Assessing the impacts of fractionation on pointing-intensive spacecraft
Author(s)O'Neill, Michael Gregory
Massachusetts Institute of Technology. Dept. of Aeronautics and Astronautics.
Annalisa L. Weigel.
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Fractionated spacecraft consist of physically independent, "free-flying" modules composed of various subsystems. Thus, a fractionated spacecraft might consist of one-module responsible for the power generation and storage, another module responsible for the communications and computing, another module responsible for the attitude and guidance determination, another module responsible for the payload, and so on. Fractionated spacecraft are of particular interest for pointing-intensive, remote sensing mission spacecraft because of their ability to physically decouple subsystems and payloads that truly need precise pointing, thereby potentially reducing the lifecycle cost of fractionated spacecraft relative to a comparable monolithic spacecraft, for a given space mission. Additionally, using fractionation to decouple pointing-intensive subsystems and payloads may potentially reduce the mass and size of the module containing the payload in a fractionated spacecraft (i.e., Payload Module) relative to that of a comparable monolithic spacecraft. If fractionated spacecraft prove to reduce the mass and size associated with the Payload Module, for a given pointing-intensive, remote sensing mission, it may enable pointing-intensive fractionated spacecraft to have longer space mission lifetimes than comparable monolithic spacecraft.(cont.) This research seeks to quantitatively assess the impacts of various fractionated spacecraft architecture strategies on the lifecycle cost, mass, propellant usage, and mission lifetime of pointing-intensive, remote sensing mission spacecraft. A dynamic lifecycle simulation and parametric model was used to assess the lifecycle cost impacts, while the mass, propellant usage, and mission lifetime impacts were assessed using a non-parametric, physics-based computer model. Results from the research demonstrate that fractionated spacecraft can be both more and less expensive than a comparable monolithic spacecraft performing the same space mission. Additionally, the results show that due to the ability of fractionated spacecraft to decouple subsystems and payloads that truly need precise pointing, the mass and propellant usage of the Payload Module can be appreciably less than that of a comparable monolithic spacecraft. Subsequently, fractionated spacecraft can attain longer mission lifetimes than a monolithic spacecraft, and in certain instances, do so with a lesser lifecycle cost than the monolith at its respective shorter mission lifetime.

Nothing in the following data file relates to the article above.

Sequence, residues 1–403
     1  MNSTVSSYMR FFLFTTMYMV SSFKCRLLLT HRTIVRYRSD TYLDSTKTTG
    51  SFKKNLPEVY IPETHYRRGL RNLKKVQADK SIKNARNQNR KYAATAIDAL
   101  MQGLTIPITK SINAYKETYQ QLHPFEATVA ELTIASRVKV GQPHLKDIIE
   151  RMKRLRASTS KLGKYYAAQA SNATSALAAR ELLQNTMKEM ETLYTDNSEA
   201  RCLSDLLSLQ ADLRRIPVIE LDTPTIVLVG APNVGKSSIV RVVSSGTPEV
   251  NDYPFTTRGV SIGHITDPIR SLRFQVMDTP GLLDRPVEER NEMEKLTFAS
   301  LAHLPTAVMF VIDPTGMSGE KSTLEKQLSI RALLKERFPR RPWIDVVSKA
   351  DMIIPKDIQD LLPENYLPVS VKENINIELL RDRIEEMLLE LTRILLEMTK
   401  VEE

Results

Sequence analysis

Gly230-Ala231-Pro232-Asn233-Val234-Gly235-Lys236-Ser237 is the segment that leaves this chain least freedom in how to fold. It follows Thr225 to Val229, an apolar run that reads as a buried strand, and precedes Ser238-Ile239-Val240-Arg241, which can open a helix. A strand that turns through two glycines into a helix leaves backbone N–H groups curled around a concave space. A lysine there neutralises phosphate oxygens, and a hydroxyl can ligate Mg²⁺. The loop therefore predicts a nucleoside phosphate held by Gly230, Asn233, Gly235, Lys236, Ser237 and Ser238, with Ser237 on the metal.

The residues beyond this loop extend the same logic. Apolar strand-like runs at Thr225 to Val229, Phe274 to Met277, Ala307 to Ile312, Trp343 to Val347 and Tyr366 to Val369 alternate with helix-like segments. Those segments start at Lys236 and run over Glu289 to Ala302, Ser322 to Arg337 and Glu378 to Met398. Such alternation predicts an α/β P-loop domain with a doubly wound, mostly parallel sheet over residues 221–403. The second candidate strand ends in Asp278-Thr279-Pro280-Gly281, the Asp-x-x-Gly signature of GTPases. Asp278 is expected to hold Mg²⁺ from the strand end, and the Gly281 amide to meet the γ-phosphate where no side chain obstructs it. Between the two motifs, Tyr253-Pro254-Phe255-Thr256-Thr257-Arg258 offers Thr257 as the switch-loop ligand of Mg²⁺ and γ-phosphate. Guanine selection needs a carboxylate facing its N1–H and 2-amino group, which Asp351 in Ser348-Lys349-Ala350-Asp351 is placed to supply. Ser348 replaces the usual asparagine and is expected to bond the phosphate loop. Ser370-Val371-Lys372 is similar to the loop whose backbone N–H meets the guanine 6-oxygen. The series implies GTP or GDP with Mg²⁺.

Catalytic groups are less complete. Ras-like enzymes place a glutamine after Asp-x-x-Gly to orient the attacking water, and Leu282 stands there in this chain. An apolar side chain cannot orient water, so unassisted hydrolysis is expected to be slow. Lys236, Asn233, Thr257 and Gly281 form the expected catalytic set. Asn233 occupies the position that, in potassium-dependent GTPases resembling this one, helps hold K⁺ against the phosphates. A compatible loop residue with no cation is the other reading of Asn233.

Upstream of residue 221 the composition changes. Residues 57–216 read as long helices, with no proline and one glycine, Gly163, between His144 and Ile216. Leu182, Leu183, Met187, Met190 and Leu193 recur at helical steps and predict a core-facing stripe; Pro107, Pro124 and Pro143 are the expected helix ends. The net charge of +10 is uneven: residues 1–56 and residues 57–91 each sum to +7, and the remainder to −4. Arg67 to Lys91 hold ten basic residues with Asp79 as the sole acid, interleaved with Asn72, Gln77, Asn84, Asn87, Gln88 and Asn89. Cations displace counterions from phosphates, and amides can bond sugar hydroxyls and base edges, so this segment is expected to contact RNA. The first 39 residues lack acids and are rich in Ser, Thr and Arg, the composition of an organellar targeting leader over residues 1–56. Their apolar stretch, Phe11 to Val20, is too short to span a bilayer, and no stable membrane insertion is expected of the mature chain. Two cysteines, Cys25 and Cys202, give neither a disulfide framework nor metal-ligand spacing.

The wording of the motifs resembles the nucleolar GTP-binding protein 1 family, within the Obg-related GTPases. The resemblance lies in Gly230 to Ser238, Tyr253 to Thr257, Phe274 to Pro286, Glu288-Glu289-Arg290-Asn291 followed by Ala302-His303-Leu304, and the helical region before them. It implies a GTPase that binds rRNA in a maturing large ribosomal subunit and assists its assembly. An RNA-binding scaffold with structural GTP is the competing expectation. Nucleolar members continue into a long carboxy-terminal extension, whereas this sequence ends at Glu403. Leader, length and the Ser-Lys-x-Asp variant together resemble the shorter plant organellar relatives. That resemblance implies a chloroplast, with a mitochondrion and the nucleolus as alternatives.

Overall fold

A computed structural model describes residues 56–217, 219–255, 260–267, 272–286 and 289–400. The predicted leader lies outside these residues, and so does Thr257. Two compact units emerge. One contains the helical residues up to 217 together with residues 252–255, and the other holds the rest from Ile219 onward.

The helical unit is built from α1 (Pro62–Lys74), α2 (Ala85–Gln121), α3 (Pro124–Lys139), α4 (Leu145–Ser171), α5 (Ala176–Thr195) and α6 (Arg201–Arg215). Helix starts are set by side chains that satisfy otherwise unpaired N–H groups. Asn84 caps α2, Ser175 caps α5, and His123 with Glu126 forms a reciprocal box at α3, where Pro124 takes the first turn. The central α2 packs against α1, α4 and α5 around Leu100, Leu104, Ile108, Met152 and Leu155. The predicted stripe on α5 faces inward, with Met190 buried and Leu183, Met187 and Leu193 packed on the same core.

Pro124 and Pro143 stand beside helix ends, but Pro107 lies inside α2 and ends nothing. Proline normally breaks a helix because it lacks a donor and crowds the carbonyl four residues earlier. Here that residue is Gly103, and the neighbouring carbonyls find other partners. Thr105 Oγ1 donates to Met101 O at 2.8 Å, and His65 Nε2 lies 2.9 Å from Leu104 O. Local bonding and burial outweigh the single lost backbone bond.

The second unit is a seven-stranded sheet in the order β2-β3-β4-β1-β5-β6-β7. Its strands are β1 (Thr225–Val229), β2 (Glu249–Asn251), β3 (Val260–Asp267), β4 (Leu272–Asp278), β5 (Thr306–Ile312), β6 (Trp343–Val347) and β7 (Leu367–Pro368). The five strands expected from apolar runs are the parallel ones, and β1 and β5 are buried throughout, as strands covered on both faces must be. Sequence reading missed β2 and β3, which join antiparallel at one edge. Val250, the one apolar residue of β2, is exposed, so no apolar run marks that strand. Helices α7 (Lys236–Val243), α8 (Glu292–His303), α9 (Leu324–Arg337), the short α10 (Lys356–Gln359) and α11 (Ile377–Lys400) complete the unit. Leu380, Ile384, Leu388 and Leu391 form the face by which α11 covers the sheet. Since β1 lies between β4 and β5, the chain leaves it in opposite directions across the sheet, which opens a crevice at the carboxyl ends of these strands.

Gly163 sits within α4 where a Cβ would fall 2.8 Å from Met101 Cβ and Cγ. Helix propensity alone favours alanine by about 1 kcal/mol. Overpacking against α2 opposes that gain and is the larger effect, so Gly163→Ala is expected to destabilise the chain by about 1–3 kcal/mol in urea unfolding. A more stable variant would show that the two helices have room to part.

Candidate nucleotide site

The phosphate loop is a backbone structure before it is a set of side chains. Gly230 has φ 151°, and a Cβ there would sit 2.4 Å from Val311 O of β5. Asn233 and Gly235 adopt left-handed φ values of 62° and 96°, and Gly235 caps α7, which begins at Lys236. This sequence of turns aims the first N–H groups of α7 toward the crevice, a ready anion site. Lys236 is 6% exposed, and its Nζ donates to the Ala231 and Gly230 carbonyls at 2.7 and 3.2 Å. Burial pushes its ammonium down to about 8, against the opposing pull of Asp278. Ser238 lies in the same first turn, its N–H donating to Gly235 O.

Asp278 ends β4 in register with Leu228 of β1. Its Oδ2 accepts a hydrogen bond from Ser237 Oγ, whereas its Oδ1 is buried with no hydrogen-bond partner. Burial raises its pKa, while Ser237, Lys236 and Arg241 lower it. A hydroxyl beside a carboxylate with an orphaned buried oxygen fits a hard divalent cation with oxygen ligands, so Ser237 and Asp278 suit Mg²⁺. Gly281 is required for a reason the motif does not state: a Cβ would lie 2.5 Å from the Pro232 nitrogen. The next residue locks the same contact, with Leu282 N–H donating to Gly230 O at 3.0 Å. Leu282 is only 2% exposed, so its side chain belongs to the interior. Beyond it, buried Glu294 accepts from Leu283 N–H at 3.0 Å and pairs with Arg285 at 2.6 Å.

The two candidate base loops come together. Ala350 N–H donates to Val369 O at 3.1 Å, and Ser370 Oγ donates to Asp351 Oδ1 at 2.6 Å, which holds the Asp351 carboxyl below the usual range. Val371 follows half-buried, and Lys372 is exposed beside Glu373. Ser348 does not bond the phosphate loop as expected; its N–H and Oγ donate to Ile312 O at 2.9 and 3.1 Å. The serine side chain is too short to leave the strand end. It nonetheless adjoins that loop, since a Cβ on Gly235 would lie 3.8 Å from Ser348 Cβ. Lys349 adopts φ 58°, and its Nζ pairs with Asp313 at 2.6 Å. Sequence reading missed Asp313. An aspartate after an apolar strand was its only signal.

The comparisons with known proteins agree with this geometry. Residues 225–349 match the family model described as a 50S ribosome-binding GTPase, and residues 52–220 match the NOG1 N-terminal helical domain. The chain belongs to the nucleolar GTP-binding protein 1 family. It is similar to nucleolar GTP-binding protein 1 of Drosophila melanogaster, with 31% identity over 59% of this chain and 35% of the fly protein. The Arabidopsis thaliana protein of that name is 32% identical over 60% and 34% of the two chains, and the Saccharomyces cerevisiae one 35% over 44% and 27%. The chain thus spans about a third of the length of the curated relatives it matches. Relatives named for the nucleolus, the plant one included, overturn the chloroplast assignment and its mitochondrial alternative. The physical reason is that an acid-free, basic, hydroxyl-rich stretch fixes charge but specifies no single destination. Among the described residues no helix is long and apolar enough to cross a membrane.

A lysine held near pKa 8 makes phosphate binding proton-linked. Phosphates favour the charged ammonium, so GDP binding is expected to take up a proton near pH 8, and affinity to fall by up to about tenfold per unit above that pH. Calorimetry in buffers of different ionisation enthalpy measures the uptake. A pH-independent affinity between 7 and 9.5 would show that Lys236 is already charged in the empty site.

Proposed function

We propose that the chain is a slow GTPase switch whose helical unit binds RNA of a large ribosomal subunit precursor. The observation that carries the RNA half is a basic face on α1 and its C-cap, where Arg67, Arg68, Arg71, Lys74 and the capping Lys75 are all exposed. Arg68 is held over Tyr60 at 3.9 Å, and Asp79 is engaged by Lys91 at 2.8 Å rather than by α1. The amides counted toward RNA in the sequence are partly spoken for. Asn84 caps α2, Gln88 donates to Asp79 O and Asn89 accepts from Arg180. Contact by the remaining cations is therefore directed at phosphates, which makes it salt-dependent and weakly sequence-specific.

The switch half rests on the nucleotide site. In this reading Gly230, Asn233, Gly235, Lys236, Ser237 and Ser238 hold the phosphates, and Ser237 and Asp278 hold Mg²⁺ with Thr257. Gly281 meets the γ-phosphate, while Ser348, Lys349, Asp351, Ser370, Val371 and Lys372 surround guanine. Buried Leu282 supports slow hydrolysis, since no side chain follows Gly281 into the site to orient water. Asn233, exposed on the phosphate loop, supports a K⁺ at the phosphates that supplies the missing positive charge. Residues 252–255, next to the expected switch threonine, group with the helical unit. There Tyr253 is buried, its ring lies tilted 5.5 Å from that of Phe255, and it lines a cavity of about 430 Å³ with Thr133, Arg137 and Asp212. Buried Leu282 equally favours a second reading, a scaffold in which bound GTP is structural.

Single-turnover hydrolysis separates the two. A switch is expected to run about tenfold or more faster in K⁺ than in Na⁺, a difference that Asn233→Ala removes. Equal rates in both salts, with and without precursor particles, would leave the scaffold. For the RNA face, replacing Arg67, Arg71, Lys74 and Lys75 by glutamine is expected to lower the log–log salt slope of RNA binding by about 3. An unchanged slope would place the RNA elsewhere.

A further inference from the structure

Thesis (S.M.)--Massachusetts Institute of Technology, Dept. of Aeronautics and Astronautics, February 2010.Cataloged from PDF version of thesis.Includes bibliographical references (p. 165-168).
DepartmentMassachusetts Institute of Technology. Dept. of Aeronautics and Astronautics.
Massachusetts Institute of Technology
Aeronautics and Astronautics.